Settlement discount is vatable?

LondinaLondina Experienced MentorPosts: 814MAAT, AAT Licensed Accountant
Situation: a Company invoice to a client £100 + £15 Vat = £115. The Client paid £112.12, he took 2.5% of discount which is £2.87.

My question is: since the company paid VAT £15 to HMRC, can I take back the VAT from the £2.87 discount?

Are discounts vatable? Using SAGE, when I post the payment, there isn't a option to take the VAT out, so make me assuming that it's not allowable.

Comments

  • AK002AK002 Font Of All Knowledge Posts: 2,492Registered
    If you are issuing invoices with an option of a settlement discount the VAT you show on the invoice is the VAT on the discounted amount.
  • LondinaLondina Experienced Mentor Posts: 814MAAT, AAT Licensed Accountant
    AK002 wrote: »
    If you are issuing invoices with an option of a settlement discount the VAT you show on the invoice is the VAT on the discounted amount.

    The problem is that the company has not offered any settlement discount, this client just take it when they process a payment (months later after the VAT return is done). Unfortunately the company cannot complain because the client is a big one and can be arrogant by saying "if you dont like it, go somewhere else"...
  • PoodlePoodle Experienced Mentor Posts: 711Registered
    Londina,

    You have to pay the £15 VAT in this situation

    If you are using cash accounting then you could claim bad debt relief immediately on the VAT element of the £2.87. On Sage you would have to raise a dummy credit note to do this since it would mess up your VAT return to try and use the write off facility.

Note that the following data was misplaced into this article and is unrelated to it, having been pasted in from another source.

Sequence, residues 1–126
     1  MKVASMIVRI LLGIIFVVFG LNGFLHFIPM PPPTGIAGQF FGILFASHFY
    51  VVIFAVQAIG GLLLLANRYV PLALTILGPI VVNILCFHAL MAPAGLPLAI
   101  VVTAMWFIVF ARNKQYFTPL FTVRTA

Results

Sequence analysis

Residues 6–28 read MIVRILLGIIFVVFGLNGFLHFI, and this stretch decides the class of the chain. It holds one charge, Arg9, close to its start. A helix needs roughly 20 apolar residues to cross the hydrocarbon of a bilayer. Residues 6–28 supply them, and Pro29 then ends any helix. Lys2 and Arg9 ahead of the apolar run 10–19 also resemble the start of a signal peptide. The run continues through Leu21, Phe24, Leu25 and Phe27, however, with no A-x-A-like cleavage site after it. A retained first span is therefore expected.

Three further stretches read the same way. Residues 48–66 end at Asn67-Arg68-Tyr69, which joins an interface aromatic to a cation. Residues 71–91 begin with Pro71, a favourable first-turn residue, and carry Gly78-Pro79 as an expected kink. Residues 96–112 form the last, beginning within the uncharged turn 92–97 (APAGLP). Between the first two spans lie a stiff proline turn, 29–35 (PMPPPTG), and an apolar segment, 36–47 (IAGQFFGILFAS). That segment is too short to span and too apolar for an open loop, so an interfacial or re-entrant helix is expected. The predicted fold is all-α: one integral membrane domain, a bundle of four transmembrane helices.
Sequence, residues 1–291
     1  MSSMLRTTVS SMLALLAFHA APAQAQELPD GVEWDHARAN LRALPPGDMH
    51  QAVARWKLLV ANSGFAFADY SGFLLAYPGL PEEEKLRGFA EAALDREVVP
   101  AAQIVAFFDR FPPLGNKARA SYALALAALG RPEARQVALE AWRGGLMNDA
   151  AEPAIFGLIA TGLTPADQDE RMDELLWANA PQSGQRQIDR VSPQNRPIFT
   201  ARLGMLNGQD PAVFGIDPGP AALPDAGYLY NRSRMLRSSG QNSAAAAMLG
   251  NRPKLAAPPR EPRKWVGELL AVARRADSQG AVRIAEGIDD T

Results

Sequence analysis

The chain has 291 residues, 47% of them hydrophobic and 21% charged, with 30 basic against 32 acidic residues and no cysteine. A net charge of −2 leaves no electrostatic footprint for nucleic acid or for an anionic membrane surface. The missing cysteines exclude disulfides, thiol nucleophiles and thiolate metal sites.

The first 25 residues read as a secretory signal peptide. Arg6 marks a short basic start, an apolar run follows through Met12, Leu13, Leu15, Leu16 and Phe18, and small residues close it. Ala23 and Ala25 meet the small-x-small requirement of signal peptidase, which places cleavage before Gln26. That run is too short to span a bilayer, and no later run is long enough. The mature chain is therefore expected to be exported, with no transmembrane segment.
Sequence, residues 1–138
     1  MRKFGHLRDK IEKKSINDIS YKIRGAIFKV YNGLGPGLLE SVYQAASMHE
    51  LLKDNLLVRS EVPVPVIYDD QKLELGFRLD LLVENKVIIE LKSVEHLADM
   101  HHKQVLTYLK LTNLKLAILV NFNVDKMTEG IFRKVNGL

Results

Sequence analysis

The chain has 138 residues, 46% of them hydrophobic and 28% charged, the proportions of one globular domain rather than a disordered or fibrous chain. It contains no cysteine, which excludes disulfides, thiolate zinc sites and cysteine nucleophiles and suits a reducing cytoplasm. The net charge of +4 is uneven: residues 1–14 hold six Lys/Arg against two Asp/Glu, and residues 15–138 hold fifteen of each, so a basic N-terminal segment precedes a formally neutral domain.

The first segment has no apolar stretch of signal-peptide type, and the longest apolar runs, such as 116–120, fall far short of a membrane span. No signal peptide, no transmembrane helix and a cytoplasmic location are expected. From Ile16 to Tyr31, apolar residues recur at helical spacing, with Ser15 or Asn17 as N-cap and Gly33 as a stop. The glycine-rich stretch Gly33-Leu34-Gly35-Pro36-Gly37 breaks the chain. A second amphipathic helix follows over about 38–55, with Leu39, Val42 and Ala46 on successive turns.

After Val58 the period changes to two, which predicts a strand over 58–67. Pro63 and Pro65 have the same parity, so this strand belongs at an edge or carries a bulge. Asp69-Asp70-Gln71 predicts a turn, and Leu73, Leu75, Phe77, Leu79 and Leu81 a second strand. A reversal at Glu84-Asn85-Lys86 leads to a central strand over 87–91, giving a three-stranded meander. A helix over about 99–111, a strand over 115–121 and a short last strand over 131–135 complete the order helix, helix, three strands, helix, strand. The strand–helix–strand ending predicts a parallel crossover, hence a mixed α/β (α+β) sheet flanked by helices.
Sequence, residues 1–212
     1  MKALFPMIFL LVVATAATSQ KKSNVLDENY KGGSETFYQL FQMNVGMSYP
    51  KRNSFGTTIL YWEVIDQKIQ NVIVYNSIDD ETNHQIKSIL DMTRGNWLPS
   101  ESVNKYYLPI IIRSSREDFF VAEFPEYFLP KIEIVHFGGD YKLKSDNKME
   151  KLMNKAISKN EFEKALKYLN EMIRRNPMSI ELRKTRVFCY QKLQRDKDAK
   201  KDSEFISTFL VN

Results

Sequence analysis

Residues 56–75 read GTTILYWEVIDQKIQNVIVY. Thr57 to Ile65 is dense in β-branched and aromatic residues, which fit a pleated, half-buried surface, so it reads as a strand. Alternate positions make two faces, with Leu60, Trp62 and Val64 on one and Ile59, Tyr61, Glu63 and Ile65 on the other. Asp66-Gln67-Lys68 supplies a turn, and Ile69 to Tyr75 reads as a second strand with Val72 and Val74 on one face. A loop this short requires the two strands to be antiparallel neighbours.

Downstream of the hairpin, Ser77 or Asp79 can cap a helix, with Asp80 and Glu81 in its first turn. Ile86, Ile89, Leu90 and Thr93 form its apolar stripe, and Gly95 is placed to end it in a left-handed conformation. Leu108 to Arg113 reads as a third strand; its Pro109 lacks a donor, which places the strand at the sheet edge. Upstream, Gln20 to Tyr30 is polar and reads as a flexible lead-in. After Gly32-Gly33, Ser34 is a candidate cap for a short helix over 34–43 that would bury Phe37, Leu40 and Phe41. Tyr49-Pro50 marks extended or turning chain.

If you are using the accruals method for VAT then you could use the write off facility and claim relief using the 6 months rule.

    I hate to hear of this type of big boy bullying, loads of it going on at the moment as well as delays in payments to small suppliers way beyond payment terms, basically using them as a bank as opposed to using their own bank.

    Did you ever issue them with terms of credit or a contract, do you let them have a price list that would also show terms, are your terms printed on the invoice that you raise

    You might like to consider not writing off the amounts but leave them as outstanding send them a statement occasionally. That way if you fall out with them you could claim it all back plus interest in the small claims court and you could go back 6 years with this as well I believe.



    http://www.berr.gov.uk/files/file37581.pdf

    Julia
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